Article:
Clinical Hub,Patient Education,Health and Nutrition Facts For You,Ophthalmology

Intravitreal Injection into the Eye (6202)

Intravitreal Injection into the Eye (6202) - Clinical Hub, Patient Education, Health and Nutrition Facts For You, Ophthalmology


Intravitreal Injection into the Eye

Your doctor has ordered an intravitreal injection of ______________________
into your __________ eye.

This handout will tell you what to expect before, during, and after treatment. You
may want to write down any questions you have so that you can ask your doctor or
nurse about it before the treatment.

The doctor will explain the treatment, the reason for it, and the type of medicine as
well as any side effects you might notice. You will be asked to sign a consent
form for the treatment.

Before the Procedure

Please allow 1 to 1 ½ hours for your treatment visit. We will check your vision
and dilate your pupil. You may be taken to a different room for a retina scan.

During the Procedure

Numbing eye drops will be put into your eye. The eye, lashes, and eyelids will be
cleaned with an iodine solution. Please let us know if you are allergic to iodine.
An eye lid retractor may be used to keep your eye open and the eyelids and lashes
away from the injection site. You may feel it, but it should not be painful.

The doctor will tell you which way to look, and you may feel some pressure as the
medicine is injected. This only takes a few seconds.

After the Procedure

The doctor may apply light pressure to the area with a cotton-tip swab. The doctor
will remove the eyelid retractor. The doctor will look at your eye to be sure the
eye pressure is okay. The doctor will talk to you about eye medicines and a follow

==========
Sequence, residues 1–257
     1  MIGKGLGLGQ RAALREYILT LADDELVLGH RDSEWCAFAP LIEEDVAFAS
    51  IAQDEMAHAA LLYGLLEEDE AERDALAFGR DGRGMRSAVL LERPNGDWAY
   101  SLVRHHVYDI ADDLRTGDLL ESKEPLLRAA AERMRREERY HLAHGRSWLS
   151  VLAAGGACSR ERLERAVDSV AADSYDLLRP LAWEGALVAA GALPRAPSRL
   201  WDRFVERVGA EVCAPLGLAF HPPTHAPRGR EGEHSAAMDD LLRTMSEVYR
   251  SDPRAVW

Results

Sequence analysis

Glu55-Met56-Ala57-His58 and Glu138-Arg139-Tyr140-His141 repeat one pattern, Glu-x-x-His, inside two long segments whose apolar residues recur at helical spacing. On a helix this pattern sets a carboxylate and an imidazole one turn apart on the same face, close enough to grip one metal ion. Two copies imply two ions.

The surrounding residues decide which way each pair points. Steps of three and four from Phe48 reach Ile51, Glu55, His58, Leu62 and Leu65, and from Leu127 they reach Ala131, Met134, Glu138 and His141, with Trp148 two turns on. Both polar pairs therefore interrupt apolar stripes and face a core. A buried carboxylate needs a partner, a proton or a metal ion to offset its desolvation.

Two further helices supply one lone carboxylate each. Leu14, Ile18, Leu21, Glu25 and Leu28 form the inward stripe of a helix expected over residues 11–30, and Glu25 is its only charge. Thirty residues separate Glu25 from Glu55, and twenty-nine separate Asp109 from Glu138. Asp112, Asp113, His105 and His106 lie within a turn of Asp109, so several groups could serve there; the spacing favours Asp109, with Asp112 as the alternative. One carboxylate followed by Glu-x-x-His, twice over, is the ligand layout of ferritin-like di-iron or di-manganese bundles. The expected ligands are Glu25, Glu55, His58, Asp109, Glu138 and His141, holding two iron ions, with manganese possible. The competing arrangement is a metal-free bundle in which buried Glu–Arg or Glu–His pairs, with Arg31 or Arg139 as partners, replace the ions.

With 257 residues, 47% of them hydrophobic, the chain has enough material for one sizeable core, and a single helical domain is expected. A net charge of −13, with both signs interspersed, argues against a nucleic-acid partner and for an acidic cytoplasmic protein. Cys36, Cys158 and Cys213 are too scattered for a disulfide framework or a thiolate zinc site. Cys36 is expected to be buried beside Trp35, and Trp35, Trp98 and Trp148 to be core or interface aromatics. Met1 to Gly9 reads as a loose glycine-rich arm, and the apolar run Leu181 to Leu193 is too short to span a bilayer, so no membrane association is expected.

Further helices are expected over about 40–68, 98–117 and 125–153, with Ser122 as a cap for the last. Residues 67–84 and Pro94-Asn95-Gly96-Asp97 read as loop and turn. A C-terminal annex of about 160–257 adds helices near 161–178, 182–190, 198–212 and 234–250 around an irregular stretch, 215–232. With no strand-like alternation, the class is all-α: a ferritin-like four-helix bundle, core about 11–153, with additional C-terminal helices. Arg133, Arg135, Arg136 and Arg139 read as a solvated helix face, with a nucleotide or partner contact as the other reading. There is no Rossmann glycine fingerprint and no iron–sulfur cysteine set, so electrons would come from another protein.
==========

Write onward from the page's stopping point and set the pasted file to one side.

up visit. You should avoid rubbing the treated eye for 1 day after the treatment.
After the treatment, you may notice one or more “floaters” or dark spots moving in
your vision. This is normal. When you look in a mirror, you may notice a red spot
on your eye at the site of the injection. This is also normal.

Special Instructions

Bring a driver. Do not plan to drive home after the treatment.

If you have a decrease in vision or pain in the treated eye, call the eye clinic right

Phone Numbers

University Station Eye Clinic, 8 a.m. to 4:30 p.m., Monday through Friday
(608) 263-7171

When the clinic is closed, your call will be forwarded to the hospital paging
operator. Ask for the “Eye Resident on Call”. Give the operator your name and
phone number with area code. The doctor will call you back.

If you live out of the area, call 1-800-323-8942 and ask to be transferred to the
above number.

Please call if you have any questions or concerns.

Spanish HFFY #7272

Your health care team may have given you this information as part of your care. If so, please use it and call if you
have any questions. If this information was not given to you as part of your care, please check with your doctor. This
is not medical advice. This is not to be used for diagnosis or treatment of any medical condition. Because each
person’s health needs are different, you should talk with your doctor or others on your health care team when using
this information. If you have an emergency, please call 911. Copyright 1/2016. University of Wisconsin Hospitals
and Clinics Authority. All rights reserved. Produced by the Department of Nursing HF#6202